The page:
Excessive productivity can bring the most gifted man almost to madness. - Friedrich Nietzsche
If you've ever tried to improve your personal productivity and/or become more organized, you've probably encountered the problem of over-engineering. Over-engineering is when you spend so much time organizing, planning, and maintaining your productivity systems that you actually become less efficient. Your productivity scaffolding yields a net productivity loss instead of a gain.
Every few days someone emails me about a new productivity system, application, or web service. Each one claims to have a new twist on how to boost productivity. But what would happen if I starting using dozens of different websites and applications to supposedly boost my productivity. Would I really gain anything at all?
The Hidden Cost of Productivity Enhancement
Consider the hidden cost of investing in productivity tools:
- Productivity Systems - Learn about the system, perhaps via word of mouth. Buy a book on the subject. Read the book to learn the system. Prepare to implement the system. Practice using the system, often incompetently at first. Stick with the system for a few weeks minimum to get used to it. Continue to spend time working the system indefinitely. Figure about ways to tweak the system to better fit your particular circumstances. Explain the system to other people who are curious about it. Re-implement the system each time you stray.
- Productivity Software - Learn about the software. Decide whether it seems worthwhile. Download and install a trial version. Learn to use the software. Buy the full version, pay the bill, and do the accounting for the purchase if you deduct it as a business expense. Mail in a rebate if available, and deposit the rebate check. Spend time using the software. Upgrade the software as needed. Transfer it when you buy a new computer. Uninstall it when you no longer need it.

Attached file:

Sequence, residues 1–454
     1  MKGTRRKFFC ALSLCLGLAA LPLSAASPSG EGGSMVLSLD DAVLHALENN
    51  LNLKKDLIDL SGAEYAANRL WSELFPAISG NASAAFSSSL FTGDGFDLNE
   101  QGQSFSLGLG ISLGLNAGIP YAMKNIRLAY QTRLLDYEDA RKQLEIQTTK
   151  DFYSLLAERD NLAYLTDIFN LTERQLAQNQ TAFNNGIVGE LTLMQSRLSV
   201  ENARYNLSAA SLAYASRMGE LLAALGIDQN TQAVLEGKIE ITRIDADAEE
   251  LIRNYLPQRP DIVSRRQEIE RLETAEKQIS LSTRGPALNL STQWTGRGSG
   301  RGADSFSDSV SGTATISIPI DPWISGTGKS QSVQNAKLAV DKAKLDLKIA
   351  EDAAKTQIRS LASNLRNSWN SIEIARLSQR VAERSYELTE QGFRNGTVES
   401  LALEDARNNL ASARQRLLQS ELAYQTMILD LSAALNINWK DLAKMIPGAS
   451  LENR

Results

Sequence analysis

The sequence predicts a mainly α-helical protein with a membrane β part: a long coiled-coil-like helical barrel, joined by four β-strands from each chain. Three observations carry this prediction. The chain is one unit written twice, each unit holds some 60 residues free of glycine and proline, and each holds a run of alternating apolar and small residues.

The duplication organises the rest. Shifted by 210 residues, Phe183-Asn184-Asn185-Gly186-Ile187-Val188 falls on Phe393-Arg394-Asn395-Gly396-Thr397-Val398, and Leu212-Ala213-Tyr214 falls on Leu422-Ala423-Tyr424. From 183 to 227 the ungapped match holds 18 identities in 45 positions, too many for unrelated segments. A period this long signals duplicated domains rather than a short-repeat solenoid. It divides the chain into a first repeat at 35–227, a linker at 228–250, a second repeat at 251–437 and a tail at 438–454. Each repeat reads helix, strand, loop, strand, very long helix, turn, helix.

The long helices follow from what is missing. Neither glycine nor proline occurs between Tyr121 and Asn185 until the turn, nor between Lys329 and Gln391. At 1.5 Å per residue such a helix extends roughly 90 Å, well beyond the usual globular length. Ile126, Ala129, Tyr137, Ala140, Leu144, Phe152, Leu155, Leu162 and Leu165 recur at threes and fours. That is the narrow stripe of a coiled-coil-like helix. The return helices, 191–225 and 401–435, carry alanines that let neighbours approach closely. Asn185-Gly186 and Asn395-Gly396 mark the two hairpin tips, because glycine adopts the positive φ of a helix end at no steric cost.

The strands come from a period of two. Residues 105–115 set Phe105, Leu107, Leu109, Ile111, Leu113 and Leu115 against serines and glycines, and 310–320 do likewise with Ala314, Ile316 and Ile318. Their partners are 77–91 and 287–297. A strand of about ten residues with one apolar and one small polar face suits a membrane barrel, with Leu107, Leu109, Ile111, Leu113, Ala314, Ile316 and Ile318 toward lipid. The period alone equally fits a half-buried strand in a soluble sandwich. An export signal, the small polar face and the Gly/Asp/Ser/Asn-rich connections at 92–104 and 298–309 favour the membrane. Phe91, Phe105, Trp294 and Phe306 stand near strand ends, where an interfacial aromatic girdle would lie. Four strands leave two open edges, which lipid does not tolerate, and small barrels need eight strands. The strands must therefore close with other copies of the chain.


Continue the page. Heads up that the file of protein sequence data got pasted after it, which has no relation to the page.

- Productivity Gadgets - Learn about various gadgets. Read the reviews. Decide which one to buy. Buy it. Unpack it. Learn to use it. Input your data. Spend time using the gadget. Upgrade it as needed. Deal with breakage if you're unlucky. Explain the gadget to people who ask you about it. Sell it or dispose of it safely.
The worst part is that you have to endure much of this time investment even if you choose wrong and end up discarding a tool you dislike. It can take hours just to properly evaluate a productivity tool.
I've found that the most productive use of my time when someone emails me about a new productivity tool is to simply hit the Delete key. It's a terrific time saver.
Old School Productivity
As I detailed in the article Do It Now, I took triple the normal course load in college and graduated with two degrees in only three semesters. This was back in 1992-93. I had a packed schedule and many open projects with deadlines and various degrees of priority. In my final semester I worked as a contract computer game programmer on the side while also attending school (more than) full-time, so I had professional, personal, and academic projects to juggle. I didn't use any fancy productivity tools, yet somehow I managed to be extremely productive.
There was really just one productivity tool I predominantly used — a pocket-sized paper assignment notebook. Whenever I'd get a new assignment, I'd write it down in my notebook along with the deadline. When I completed an assignment, I'd cross it off. I wrote down every assignment in the order it was received. I didn't do any reordering or prioritizing of this list. When a page from the notebook was all crossed off on both sides, I ripped it out and threw it in the trash. If I had to write down scheduled appointments, I added them to my notebook too, noting the date and time. I had a paper calendar at my desk, but I rarely used it except maybe to mark holidays.